The mind boggles (or, as some would say, it recoils) over the possibilities as well as the challenges. data is the new oil and just like we fought over oil we will fight over data – however these fights will be visible to everyone, and will be fought in public.
Whoever gets to sift through this data, slice and dice it, move it around, make it useful, define its legal and fair use, and somehow make sense of it all, is probably going to be more powerful than Big Oil has ever been. Google, Facebook and yes, Twitter, come to mind immediately.
Something that we must certainly come to grips with is that privacy will almost certainly become something that we must act on to get back, rather than something we attain or retain by mere default. In a way, as Jeff Jarvis likes to put it 'Publicy' is now the default, and privacy is merely an option (and an action item!). Scary thought or huge opportunity? Either way, those powerful new tools of sharing and self-publishing will require that we learn to realize, accept and handle new responsibilities, as well – now that all of us can easily and constantly connect, we also need to learn new limits, new do's and don'ts – and the purveyors of this new power need to help us rather than merely seduce us.
The data that all of us are increasingly generating and constantly spreading as most of us are switching to an always-on mode, will be at the core of all future success in marketing, branding and advertising – and for that alone it's roughly worth $1 trillion already (counting advertising spend, marketing and communication budgets, data- mining etc).
If the future TV does not know who we are, where we are, what we have watched, for how long, who we have shared shows with, what we have commented on, how we rate things, then the marketers' job will become a lot harder, if not impossible. Matches can't be made, relationships can't be forced, brands can't be followed, connections are interrupted.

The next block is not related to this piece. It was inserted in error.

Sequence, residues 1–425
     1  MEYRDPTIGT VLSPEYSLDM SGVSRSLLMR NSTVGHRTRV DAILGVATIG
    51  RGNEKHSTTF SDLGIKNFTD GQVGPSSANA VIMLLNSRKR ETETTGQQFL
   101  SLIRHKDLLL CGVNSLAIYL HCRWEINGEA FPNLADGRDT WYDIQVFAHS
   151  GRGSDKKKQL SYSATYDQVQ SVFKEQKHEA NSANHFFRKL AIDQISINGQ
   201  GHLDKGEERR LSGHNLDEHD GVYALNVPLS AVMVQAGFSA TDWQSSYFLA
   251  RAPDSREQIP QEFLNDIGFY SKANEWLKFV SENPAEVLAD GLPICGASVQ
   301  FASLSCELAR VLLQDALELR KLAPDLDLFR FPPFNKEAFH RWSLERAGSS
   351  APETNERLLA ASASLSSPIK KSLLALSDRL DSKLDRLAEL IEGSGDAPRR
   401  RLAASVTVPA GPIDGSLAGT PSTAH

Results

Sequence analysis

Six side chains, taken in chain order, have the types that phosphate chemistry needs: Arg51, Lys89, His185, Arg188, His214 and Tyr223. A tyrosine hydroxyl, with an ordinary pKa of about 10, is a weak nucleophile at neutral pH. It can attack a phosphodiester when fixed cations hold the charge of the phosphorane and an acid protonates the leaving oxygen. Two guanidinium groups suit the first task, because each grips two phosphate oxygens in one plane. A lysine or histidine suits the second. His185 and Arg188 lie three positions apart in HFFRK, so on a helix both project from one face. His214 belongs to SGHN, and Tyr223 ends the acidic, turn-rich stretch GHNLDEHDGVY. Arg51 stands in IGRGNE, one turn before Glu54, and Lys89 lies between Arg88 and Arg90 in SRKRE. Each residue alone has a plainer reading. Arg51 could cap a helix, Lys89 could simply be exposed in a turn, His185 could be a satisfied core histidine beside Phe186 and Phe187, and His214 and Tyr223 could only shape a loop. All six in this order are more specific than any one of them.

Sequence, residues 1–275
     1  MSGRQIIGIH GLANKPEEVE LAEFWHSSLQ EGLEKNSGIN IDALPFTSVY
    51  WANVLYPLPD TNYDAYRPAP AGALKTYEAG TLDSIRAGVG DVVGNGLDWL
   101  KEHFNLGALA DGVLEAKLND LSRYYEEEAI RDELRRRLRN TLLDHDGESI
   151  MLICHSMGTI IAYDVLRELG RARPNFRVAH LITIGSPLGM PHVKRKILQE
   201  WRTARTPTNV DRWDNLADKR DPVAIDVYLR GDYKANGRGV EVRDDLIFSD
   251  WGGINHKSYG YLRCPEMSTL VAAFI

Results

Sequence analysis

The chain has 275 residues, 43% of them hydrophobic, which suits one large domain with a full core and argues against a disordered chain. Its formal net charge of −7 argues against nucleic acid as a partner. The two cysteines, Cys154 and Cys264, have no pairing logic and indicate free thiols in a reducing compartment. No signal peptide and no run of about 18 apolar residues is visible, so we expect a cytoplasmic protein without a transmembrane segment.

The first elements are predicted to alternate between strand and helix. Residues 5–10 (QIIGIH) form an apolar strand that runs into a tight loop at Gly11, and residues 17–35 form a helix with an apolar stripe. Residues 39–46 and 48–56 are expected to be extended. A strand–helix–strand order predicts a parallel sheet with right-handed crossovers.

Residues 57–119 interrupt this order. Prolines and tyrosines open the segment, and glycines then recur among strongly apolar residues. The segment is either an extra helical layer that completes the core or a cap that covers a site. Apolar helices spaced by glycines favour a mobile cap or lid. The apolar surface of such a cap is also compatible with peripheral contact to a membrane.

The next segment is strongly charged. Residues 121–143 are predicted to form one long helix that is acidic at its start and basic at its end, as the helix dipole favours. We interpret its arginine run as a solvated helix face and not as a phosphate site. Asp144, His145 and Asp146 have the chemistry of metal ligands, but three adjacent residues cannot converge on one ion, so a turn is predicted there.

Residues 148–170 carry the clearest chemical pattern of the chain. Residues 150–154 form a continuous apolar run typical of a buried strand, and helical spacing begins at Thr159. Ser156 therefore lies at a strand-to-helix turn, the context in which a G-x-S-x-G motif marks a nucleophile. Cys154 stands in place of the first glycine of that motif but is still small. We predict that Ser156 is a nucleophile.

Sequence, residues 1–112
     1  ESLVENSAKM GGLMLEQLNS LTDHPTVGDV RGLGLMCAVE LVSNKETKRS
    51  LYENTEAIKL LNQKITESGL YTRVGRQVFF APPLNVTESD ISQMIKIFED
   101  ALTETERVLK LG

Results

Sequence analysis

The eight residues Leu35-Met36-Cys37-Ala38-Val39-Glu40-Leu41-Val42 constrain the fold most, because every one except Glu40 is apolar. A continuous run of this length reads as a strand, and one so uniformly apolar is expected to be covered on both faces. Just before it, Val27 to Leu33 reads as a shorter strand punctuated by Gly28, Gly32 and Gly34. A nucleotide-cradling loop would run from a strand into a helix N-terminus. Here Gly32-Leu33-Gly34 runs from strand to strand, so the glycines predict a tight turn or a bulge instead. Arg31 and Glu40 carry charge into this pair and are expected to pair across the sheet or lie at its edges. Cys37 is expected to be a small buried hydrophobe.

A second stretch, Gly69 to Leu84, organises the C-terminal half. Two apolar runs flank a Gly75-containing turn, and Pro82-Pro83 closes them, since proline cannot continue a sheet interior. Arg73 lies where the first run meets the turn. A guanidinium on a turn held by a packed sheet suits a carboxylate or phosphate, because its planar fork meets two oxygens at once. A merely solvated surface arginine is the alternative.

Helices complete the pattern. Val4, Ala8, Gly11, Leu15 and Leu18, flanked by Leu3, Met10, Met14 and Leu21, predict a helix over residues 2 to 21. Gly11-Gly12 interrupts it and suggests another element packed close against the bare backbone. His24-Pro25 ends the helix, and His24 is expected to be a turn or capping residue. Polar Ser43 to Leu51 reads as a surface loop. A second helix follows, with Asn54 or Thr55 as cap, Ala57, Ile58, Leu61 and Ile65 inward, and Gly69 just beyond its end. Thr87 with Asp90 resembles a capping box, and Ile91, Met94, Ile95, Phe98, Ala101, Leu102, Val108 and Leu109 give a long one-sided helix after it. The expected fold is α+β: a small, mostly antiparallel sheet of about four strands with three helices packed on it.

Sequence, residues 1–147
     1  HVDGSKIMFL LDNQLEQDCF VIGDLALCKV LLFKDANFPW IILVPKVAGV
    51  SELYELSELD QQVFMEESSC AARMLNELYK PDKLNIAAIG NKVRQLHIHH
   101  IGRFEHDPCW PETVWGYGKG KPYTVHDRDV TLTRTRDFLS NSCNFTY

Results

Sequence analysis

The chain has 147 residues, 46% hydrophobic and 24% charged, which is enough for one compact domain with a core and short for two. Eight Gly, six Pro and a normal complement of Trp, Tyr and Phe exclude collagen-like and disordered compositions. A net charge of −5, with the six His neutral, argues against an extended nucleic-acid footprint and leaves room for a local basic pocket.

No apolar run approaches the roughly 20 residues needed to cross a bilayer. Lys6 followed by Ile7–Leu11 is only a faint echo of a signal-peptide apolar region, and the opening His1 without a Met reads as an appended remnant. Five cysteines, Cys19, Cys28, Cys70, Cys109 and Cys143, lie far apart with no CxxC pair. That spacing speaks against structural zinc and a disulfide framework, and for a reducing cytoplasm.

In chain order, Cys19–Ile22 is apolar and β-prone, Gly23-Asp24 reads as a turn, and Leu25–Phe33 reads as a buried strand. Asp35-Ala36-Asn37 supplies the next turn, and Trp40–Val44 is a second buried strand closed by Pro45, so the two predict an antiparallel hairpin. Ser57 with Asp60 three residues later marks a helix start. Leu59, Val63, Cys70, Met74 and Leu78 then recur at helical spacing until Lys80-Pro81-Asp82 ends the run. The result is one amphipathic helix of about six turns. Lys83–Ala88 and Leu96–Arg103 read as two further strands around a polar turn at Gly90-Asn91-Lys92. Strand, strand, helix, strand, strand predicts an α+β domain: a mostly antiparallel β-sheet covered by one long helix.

Getting too little or bad data – or not understanding it – will literally mean running out of gas in the middle of the desert. Therefore, the mission is to keep it all fuelled up. And just like oil, there will be a myriad of issues (hopefully, not wars) that will arise with the responsible and fair practices of drilling, pumping, shipping, refining and dispensing of data. But without a doubt these issues will be solved in due course because this Data-Oil is very potent and because the responsible use of it will light up so many households that a sufficient incentive for problem-solving exists. Telecom companies and mobile operators will want in on this game, as well – afterall, it's their networks that make this all work (for now).
My prediction is that we will see a huge influx of companies dealing with the various aspects of data drilling, shipping, refining and remixing, and that the next Exxon or Mobil may well be a data-slicing company. Hopefully, they will be more ecology minded and sustainable, though. Agencies, marketers and brands need to embrace the challenges and stake out their roles in this new Data-Oil ecosystem.
"Before Christmas, in an exceptionally insightful post on Ad Age, Adam Cahill suggested that it was time to change the orientation of media agencies and departments to be more reflective of what people do and toward what he called the math and the magic (hence the borrowed title to this post) of media. The maths bit of this referred to the kind of automated trading platforms and exchanges (like DSPs) that are becoming increasingly prevalent in traded digital media, and the magic referred to an approach driven by creativity that seeks to bring people in to fun/interesting/entertaining experiences.
"Math is about dispersion: the functional delivery of impressions to people who haven't asked for them, but whom we hope to influence. Magic is about attraction: creating impressions so perfect that people choose to spend time with them, and maybe even pass them on."
Be sure to read the entire post here.